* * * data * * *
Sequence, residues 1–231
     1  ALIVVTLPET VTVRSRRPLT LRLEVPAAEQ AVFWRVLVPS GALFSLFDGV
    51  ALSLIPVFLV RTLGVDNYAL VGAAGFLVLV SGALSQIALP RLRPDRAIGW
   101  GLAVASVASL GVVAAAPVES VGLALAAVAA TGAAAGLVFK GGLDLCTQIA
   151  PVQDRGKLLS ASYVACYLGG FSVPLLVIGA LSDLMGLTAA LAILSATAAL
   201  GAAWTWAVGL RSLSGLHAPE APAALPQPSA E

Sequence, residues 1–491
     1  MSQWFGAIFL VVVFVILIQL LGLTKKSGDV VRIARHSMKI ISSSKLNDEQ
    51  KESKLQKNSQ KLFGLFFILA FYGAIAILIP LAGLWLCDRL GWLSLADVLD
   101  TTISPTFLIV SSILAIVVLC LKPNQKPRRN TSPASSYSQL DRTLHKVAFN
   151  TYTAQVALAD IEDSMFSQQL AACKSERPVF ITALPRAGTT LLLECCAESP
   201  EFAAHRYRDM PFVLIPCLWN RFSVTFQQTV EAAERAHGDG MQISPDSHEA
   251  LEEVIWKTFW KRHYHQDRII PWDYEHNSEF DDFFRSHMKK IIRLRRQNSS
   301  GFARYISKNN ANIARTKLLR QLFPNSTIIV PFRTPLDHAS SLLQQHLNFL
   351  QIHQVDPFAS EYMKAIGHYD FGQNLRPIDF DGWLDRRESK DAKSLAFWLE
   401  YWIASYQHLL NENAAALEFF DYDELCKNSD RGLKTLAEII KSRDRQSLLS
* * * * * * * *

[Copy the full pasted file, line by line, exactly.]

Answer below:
Sequence, residues 1–231
     1  ALIVVTLPET VTVRSRRPLT LRLEVPAAEQ AVFWRVLVPS GALFSLFDGV
    51  ALSLIPVFLV RTLGVDNYAL VGAAGFLVLV SGALSQIALP RLRPDRAIGW
   101  GLAVASVASL GVVAAAPVES VGLALAAVAA TGAAAGLVFK GGLDLCTQIA
   151  PVQDRGKLLS ASYVACYLGG FSVPLLVIGA LSDLMGLTAA LAILSATAAL
   201  GAAWTWAVGL RSLSGLHAPE APAALPQPSA E

Sequence, residues 1–491
     1  MSQWFGAIFL VVVFVILIQL LGLTKKSGDV VRIARHSMKI ISSSKLNDEQ
    51  KESKLQKNSQ KLFGLFFILA FYGAIAILIP LAGLWLCDRL GWLSLADVLD
   101  TTISPTFLIV SSILAIVVLC LKPNQKPRRN TSPASSYSQL DRTLHKVAFN
   151  TYTAQVALAD IEDSMFSQQL AACKSERPVF ITALPRAGTT LLLECCAESP
   201  EFAAHRYRDM PFVLIPCLWN RFSVTFQQTV EAAERAHGDG MQISPDSHEA
   251  LEEVIWKTFW KRHYHQDRII PWDYEHNSEF DDFFRSHMKK IIRLRRQNSS
   301  GFARYISKNN ANIARTKLLR QLFPNSTIIV PFRTPLDHAS SLLQQHLNFL
   351  QIHQVDPFAS EYMKAIGHYD FGQNLRPIDF DGWLDRRESK DAKSLAFWLE
   401  YWIASYQHLL NENAAALEFF DYDELCKNSD RGLKTLAEII KSRDRQSLLS